The Man Who Cried
A breathtaking World War II epic with a top-notch cast that touches down in England, France, and the United States sounds like a perfect alternative to the heavy-duty bombast of Pearl Harbor. This seems to be what The Man Who Cried wants to offer. Yet the lack of direction begins with the title: the movie charts the course of Russian immigrant Suzie (Christina Ricci) fleeing various hardships across history's ravages; the title character is a sort of quaint afterthought who only pops up in the last few minutes.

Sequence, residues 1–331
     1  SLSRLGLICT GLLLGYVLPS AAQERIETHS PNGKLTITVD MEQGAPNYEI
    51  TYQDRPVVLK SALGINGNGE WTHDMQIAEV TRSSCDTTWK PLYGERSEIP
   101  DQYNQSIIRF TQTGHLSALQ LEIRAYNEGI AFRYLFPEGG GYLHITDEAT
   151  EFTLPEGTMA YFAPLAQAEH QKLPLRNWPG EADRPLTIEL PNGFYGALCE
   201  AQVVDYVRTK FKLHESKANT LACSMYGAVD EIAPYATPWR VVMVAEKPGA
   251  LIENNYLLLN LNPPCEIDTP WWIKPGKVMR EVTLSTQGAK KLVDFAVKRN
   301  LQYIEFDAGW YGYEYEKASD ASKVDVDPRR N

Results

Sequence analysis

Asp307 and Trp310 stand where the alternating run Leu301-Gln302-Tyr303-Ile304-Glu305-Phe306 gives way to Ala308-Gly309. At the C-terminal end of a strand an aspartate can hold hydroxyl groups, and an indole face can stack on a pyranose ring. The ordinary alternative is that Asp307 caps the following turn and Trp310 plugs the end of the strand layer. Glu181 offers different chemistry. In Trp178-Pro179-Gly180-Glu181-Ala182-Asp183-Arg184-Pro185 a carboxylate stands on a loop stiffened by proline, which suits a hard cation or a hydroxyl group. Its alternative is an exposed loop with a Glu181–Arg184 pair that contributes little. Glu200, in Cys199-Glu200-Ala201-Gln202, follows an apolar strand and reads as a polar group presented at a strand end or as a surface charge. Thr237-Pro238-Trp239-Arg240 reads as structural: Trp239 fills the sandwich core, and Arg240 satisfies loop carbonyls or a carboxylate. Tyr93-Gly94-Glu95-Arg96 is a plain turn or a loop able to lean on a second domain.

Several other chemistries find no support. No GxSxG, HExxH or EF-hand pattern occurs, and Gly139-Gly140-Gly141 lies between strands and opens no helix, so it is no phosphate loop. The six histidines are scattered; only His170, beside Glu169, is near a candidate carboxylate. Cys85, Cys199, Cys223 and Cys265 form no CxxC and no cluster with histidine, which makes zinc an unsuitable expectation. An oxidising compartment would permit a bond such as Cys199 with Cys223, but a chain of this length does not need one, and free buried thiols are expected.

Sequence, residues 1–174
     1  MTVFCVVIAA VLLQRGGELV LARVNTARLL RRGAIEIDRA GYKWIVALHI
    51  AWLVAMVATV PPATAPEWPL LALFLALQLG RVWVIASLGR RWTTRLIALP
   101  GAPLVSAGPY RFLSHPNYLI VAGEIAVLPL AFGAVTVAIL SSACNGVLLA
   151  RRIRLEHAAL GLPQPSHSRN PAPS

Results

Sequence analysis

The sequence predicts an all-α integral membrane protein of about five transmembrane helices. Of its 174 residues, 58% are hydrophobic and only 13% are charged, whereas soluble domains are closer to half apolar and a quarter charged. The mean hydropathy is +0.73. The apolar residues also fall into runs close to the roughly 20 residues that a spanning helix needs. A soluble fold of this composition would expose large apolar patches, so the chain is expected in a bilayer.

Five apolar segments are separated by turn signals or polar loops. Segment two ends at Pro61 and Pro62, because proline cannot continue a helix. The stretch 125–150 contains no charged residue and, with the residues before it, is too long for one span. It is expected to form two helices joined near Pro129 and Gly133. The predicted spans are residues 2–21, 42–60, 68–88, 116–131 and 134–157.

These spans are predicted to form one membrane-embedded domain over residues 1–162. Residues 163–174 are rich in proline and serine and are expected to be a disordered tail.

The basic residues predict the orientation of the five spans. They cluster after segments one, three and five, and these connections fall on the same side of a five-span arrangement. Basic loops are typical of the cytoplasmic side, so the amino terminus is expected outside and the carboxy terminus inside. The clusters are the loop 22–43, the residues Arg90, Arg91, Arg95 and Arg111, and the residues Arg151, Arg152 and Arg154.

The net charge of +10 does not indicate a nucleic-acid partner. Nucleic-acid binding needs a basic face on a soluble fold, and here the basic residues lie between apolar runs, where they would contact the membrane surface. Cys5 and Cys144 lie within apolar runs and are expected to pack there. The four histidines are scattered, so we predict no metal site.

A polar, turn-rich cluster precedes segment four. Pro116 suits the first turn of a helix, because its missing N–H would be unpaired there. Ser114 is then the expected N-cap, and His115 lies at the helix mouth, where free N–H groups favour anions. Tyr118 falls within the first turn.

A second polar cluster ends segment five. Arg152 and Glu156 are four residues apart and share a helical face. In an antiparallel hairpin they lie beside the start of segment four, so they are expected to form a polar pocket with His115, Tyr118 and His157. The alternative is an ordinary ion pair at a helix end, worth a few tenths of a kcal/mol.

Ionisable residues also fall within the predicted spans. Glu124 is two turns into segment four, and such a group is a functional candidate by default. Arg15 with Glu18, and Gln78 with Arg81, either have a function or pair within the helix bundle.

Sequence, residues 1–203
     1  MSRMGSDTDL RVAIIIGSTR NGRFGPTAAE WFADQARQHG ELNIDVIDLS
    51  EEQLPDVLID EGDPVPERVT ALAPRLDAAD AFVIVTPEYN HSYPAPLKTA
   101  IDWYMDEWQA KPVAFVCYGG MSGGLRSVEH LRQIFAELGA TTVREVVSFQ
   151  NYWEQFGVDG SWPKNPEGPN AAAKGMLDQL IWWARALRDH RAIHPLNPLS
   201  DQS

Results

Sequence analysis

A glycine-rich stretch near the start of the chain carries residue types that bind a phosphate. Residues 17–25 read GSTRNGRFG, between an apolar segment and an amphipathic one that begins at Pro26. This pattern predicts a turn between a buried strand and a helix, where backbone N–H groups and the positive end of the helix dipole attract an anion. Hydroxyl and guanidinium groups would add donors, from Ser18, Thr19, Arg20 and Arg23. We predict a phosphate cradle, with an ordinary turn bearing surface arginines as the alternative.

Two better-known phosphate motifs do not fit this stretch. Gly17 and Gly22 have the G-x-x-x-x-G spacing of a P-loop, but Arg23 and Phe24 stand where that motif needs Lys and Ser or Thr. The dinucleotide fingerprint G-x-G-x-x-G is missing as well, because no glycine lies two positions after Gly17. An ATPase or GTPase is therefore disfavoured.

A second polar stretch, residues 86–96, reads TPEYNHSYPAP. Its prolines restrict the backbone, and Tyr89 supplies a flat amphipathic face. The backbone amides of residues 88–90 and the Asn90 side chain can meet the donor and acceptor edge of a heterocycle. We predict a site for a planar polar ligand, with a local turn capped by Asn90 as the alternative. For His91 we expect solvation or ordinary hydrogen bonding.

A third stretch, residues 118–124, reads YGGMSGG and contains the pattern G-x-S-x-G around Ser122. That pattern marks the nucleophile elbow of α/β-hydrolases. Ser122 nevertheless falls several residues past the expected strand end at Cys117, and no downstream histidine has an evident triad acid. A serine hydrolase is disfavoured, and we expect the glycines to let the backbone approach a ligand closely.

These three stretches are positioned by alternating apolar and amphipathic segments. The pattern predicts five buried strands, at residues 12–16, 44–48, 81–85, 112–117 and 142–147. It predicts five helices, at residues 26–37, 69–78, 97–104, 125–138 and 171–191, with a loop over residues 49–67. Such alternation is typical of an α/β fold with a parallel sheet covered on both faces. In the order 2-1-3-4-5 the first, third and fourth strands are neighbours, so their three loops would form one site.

Suzie's native village is raided, prompting the young woman's relocation to England. She eventually finds work as a Parisian showgirl. The wary outsider rooms with the glamorous Lola (Cate Blanchett) and becomes involved with an alluring gypsy (Johnny Depp, reprising his Chocolat character). Also on the scene is arrogant opera singer Dante (John Turturro) and the slowly encroaching Nazi party. The elements are ripe for a good story, but writer-director Sally Potter spoils the movie with a scattershot script. Apart from lovely cinematography, lively Roma music, and camera-ready stars, The Man Who Cried lacks a real purpose. The film wanders like Suzie, losing credibility and the audience's interest along the way.